Strawberry, Once Meeting
For a long time I loved the phrase ichi-go ichi-e because I thought it meant “meeting a strawberry.” Literally, it is “one life, one meeting,” the meeting being a person or a challenge, or, as I like to think, meeting one strawberry.
Ichi-go ichi-e is best understood if we retroactively apply it to the bushido days, when a warrior would train with as much intensity as a real battle. If he fell off his horse and injured his arm, he would get back on the horse, carrying on instead of restarting, because he does not believe in the idea of “trying again.” Each move should be completed as if it were his only chance. He would imagine practice as if it were real life, or else it wasn’t really practice, just play-acting.
When things were hard, I would tell myself, “this is practice” as a way of separating myself from the pain of real emotions. The correct technique, perhaps, is to feel those experiences completely, to let the tears flow, to live through it without going numb. To practice feeling things fully, instead of practicing detachment.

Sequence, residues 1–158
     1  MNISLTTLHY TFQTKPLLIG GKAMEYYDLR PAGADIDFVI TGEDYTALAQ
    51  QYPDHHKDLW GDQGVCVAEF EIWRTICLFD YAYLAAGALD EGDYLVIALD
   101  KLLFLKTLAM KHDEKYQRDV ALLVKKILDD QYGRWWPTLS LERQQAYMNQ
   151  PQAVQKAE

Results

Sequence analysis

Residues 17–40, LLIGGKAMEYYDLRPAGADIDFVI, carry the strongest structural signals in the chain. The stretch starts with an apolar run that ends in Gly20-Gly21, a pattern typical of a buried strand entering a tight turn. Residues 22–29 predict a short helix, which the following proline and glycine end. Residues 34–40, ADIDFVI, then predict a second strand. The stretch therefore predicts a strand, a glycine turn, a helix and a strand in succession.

You will never do anything “again.” You only eat one strawberry, even when you are eating a bucket of strawberries. I should practice remembering that, practice experiencing my life fully while it is happening. Meeting the Strawberry, rather than eating one after the other. Everything is practice, nothing is practice. We prepare for the real thing by living it.
This world of dew
is only a world of dew.